Sir Walter Scott (1771-1832 / Edinburgh / Scotland)
Ancient Gaelic Melody
Birds of omen dark and foul,
Night-crow, raven, bat, and owl,
Leave the sick man to his dream -
All night long he heard you scream.
Haste to cave and ruin'd tower,
Ivy tod, or dingled-bower,
There to wink and mop, for, hark!
In the mid air sings the lark.
Hie to moorish gills and rocks,
Prowling wolf and wily fox, -
Hie ye fast, nor turn your view,
Though the lamb bleats to the ewe.
Couch your trains, and speed your flight,
Safety parts with parting night;
And on distant echo borne,
Comes the hunter's early horn.
The moon's wan crescent scarcely gleams,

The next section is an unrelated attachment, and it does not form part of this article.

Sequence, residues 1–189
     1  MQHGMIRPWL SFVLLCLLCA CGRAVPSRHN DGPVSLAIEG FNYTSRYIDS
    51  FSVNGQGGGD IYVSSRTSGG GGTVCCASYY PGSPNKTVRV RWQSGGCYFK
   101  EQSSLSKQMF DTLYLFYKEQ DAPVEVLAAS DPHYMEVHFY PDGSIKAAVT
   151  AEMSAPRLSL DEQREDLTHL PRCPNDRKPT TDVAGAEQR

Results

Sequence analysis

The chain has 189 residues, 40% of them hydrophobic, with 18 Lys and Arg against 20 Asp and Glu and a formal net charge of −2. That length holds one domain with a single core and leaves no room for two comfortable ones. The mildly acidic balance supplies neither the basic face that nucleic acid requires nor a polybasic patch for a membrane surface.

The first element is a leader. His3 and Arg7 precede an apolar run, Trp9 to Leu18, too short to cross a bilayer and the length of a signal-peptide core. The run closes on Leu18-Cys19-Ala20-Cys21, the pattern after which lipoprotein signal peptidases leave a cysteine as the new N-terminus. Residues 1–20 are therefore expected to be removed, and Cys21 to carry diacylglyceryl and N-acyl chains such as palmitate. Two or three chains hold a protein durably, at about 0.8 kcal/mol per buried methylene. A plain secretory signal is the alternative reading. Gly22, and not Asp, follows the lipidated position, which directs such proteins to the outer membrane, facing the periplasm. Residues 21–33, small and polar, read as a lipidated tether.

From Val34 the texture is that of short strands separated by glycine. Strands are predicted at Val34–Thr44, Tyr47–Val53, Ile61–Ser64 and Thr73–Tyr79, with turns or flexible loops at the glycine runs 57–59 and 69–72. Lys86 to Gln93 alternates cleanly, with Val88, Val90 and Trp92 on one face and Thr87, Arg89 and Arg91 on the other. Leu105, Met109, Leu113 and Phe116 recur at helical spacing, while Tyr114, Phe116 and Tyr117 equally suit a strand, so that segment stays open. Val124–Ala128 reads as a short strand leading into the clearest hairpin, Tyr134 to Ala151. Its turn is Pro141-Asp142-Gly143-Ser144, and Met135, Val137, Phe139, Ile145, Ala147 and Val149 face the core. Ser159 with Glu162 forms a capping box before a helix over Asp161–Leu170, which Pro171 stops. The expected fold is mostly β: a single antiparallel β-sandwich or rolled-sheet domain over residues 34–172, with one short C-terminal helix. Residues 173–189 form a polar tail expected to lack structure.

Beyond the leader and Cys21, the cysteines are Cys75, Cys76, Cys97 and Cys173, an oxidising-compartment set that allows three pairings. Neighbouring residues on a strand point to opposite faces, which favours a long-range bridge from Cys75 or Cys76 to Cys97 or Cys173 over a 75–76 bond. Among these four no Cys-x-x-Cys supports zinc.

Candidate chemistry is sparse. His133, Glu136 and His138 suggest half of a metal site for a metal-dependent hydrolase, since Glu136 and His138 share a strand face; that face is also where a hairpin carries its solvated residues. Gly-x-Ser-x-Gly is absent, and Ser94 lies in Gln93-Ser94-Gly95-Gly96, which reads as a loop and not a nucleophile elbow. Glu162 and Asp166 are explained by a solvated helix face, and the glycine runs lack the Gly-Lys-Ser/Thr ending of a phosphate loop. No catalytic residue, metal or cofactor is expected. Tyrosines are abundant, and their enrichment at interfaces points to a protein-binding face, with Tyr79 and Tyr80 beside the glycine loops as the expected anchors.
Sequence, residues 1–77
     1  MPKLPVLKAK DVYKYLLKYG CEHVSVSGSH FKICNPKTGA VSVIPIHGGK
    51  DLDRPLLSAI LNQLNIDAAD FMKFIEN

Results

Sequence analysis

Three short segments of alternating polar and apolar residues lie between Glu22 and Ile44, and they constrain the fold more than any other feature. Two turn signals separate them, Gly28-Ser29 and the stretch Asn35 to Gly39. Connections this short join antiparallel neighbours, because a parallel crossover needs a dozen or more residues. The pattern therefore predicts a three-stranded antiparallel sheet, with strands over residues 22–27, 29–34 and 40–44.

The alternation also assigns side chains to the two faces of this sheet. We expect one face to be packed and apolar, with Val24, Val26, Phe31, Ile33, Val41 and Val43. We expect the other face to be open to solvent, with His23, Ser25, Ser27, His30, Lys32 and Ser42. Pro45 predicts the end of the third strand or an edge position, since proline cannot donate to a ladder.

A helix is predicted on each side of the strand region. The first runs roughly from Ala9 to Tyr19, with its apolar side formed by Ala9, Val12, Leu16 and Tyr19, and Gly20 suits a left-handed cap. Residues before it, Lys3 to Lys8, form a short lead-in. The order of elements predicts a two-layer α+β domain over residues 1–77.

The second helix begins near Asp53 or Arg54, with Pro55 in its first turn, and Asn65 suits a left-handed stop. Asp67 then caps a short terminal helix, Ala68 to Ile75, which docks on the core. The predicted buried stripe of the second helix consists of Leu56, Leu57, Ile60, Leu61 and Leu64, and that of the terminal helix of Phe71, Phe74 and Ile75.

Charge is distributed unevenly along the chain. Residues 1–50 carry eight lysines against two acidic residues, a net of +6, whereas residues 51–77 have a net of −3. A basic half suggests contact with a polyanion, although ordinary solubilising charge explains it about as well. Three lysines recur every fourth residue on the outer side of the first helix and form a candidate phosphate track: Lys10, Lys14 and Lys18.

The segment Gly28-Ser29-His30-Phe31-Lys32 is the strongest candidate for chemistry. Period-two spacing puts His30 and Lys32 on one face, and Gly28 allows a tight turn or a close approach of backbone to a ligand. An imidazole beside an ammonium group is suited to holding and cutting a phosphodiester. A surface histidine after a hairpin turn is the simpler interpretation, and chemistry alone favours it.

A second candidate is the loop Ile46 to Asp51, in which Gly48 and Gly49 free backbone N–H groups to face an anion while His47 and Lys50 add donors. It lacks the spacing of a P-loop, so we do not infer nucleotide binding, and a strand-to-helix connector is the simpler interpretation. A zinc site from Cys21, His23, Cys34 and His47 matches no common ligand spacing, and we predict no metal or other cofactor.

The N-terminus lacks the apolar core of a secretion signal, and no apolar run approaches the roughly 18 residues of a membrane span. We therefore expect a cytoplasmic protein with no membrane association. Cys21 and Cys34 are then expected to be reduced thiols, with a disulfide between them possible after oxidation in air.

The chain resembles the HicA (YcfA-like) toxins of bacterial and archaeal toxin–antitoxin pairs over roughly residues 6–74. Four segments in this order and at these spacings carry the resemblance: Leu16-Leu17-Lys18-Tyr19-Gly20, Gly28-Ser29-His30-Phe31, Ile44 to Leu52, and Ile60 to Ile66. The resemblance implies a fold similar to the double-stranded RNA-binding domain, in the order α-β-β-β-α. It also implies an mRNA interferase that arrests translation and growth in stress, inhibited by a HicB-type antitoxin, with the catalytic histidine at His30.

Ghost-like she fades in morning beams;
Hie hence, each peevish imp and fay
That scarce the pilgrim on his way, -
Quench, kelpy! quench, in bog and fen,
Thy torch, that cheats benighted men;
Thy dance is o'er, thy reign is done,
For Benyieglo hath seen the sun.
Wild thoughts, that, sinful, dark, and deep,
O'erpower the passive mind in sleep,
Pass from the slumberer's soul away,
Like night-mists from the brow of day:
Foul hag, whose blasted visage grim
Smothers the pulse, unnerves the limb,
Spur thy dark palfrey, and begone!
Thou darest not face the godlike sun.
Comments about this poem (Ancient Gaelic Melody by Sir Walter Scott )
Top 500 Poems
The Road Not Taken
If You Forget Me
Still I Rise
Edgar Allan Poe
William Ernest Henley
Stopping by Woods on a Snowy Evening
I Know Why The Caged Bird Sings